Dealing with an Overactive Bladder And What It Could Mean

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If you feel like you are the only one who has a problem peeing too often, you are not alone.

You may have an overactive bladder, or OAB. This affects millions and millions of people and can be really frustrating to live with.

The following information will help you begin to understand overactive bladder and get a better handle on it.

About Overactive Bladder

First of all, it helps to know a little more about what an overactive bladder is and how it might affect you. In just the United States alone, about 33 million men and women suffer from an overactive bladder. Since this is often an embarrassing condition, many people do not mention it openly, and may not even visit their doctor and instead may seek more natural home remedies.

It is essential that you understand what happens when you have an overactive bladder so you know if a visit to your doctor is warranted.

How it Affects You

OAB: Lifestyle causes

OAB can happens when the signals to the muscles that control bladder function get stimulated, or when the urethra, the tube leading out of the bladder gets stimulated even when the bladder isn’t full.  You feel like you have to go to the bathroom. 

There are many possible reasons for OAB. For example, you may experience OAB if you drink alcohol and caffeine in large quantities. Alcohol and caffeine can not only affect the nervous system, but they are diuretics, and can cause the body to produce more urine, and this may potentially contribute to your OAB symptoms.

There are some serious health conditions that can also lead to OAB.  For example, a stroke or, multiple sclerosis (MS) or Parkinson’s disease could also trigger an OAB incident. Diabetes and kidney disease can also trigger one due to potential nerve damage, which may cause a false trigger, or nerve malfunction.

For men, an enlarged prostate can create OAB. A walnut-sized gland, called the prostate, can potentially grow larger in your middle ages. This can add pressure to your bladder. You might feel like you have to go more often, and sometimes the feeling can be quite urgent and uncomfortable. Of course, this could be a sign of something more serious, like prostate cancer.

It is best to have a doctor test you for any potentially serious illnesses.

Sometimes interrupted sleep can also affect your trips to the bathroom.  When you are in deep sleep mode, your body produces ADH, antidiuretic hormone, which signals your body to hold onto water until you wake up. Sleep apnea can stop your body from getting to deep sleep mode, and ultimately not signal the body to produce ADH. Hence, you may be making a few trips to the bathroom at night.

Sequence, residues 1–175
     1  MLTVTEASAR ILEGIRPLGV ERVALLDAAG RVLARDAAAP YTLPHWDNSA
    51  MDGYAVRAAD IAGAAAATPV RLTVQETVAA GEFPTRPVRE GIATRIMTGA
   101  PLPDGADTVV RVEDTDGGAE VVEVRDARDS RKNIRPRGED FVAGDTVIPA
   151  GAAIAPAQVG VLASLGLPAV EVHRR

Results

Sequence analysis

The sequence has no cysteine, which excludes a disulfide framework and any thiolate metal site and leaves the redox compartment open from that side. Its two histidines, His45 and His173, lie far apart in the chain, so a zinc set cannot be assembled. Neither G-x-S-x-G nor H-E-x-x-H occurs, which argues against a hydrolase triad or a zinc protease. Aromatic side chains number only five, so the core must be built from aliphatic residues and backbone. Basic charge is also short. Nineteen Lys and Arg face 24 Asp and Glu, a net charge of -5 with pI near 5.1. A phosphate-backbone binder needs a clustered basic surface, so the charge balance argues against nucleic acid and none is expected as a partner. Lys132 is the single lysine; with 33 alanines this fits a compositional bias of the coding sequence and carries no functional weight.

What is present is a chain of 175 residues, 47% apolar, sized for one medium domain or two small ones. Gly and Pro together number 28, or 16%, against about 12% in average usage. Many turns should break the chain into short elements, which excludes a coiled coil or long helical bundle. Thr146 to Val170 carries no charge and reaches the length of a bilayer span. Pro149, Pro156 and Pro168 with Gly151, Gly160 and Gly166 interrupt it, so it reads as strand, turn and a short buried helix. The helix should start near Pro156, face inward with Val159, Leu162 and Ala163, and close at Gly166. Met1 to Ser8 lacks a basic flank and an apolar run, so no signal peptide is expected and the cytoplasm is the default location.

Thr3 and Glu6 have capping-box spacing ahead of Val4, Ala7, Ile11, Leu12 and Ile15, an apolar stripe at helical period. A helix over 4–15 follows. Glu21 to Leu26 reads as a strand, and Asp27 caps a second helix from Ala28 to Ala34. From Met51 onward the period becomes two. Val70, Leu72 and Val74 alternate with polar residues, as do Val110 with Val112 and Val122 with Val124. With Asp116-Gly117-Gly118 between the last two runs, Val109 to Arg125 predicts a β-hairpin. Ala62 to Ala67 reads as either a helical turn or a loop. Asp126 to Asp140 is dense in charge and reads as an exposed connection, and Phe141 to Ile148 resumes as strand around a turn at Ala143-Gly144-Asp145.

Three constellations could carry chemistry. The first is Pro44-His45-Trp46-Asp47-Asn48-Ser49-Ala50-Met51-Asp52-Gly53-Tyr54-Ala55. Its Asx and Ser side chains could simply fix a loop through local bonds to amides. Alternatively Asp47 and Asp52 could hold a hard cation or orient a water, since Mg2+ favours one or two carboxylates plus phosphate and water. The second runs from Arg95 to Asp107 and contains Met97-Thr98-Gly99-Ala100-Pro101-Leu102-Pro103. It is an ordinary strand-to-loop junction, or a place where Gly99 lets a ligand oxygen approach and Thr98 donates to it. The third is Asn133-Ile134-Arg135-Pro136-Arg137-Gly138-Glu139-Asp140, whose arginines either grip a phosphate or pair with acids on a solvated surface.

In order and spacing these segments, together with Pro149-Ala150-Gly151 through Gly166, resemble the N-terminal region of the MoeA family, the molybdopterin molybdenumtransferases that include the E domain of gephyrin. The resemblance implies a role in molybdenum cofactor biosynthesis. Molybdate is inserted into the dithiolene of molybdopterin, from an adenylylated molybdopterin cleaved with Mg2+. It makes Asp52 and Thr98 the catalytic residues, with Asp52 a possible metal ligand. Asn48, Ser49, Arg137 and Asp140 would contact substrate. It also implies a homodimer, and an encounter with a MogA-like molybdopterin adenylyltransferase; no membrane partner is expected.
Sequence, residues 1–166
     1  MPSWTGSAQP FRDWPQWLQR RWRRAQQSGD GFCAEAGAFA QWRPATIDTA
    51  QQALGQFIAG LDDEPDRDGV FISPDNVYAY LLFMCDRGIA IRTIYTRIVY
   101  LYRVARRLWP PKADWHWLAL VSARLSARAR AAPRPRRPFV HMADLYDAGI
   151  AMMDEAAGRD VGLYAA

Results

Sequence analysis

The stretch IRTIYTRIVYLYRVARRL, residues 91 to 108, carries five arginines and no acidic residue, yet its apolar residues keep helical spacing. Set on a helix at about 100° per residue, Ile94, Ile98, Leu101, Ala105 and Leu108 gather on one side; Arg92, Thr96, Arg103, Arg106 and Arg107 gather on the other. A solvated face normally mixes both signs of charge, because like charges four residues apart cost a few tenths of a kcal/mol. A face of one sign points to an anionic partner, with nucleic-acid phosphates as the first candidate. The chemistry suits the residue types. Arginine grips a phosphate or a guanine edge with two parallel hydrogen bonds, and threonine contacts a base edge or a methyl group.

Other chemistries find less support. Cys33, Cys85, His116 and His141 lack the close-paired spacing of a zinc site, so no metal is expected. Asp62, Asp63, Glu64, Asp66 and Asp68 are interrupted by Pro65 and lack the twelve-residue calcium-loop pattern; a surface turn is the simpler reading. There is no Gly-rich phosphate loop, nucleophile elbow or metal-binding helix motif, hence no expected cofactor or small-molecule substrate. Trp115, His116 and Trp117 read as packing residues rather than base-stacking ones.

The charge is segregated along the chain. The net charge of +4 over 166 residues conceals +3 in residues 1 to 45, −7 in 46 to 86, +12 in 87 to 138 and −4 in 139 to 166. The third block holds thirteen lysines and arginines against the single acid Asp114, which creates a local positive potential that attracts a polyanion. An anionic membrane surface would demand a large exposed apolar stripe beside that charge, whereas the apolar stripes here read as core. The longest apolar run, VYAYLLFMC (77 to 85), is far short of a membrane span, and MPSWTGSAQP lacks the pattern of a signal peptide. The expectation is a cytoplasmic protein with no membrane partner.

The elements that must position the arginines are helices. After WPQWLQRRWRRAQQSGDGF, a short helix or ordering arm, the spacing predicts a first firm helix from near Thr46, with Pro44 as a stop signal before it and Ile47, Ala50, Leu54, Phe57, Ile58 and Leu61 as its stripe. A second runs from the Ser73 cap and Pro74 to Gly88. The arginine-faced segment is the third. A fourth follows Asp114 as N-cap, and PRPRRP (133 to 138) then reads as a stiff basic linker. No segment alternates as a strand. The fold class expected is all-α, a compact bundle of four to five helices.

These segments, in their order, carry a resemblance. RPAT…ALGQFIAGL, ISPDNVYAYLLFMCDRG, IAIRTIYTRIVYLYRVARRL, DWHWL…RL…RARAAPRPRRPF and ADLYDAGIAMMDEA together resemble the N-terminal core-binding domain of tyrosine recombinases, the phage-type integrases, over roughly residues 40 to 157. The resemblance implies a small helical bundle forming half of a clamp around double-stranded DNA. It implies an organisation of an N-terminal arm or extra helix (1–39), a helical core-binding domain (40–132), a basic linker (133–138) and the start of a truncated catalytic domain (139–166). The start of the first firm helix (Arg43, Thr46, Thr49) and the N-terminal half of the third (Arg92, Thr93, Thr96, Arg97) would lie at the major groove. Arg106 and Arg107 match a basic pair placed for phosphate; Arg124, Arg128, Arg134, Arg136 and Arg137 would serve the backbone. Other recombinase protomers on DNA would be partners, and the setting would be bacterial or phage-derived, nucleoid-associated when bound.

It is worth repeating, but some other, more serious causes, might be nerve damage from injury from pelvic surgery, diabetes, kidney disease, side effects of some drugs, and/or neurological complications due to Parkinson’s disease, a stroke, or multiple sclerosis (MS). There are medical tests that can help you and your doctor figure out the cause of your OAB.

What Can Be Done About it

First, try reducing the amount of caffeinated drinks, alcohol, carbonated beverages, chocolate, tomatoes, citrus, and spicy foods you take in. They may be all irritants to your bladder.  But be sure that you do not cut back on your fluids. If you reduce the amount of fluids you take in, this could potentially concentrate the acidity of your urine, Plain water is advised.

Maintain a healthy weight and reduce your sugars.  If you are either Type 1 or Type 2 diabetic, most likely your blood sugar is high.  Your kidneys will do their best to filter out as much sugar as possible, but some may end up in your urine.  The sugar will draw out more water from your body and fill up your bladder more often.  Frequent urination is a common potential sign of diabetes.

There is a simple exercise to help strengthen the muscles used to stop the flow of urine, called Kegels.  It is something you can do anytime, while sitting, driving, or on the computer.  You simply squeeze and hold the muscles that you normally use to stop the flow of urine. Release and continue to repeat again and again.  This may help with controlling any unwanted leaking incidents and get you to the bathroom on time.

Originally posted 2020-05-20 18:40:22.

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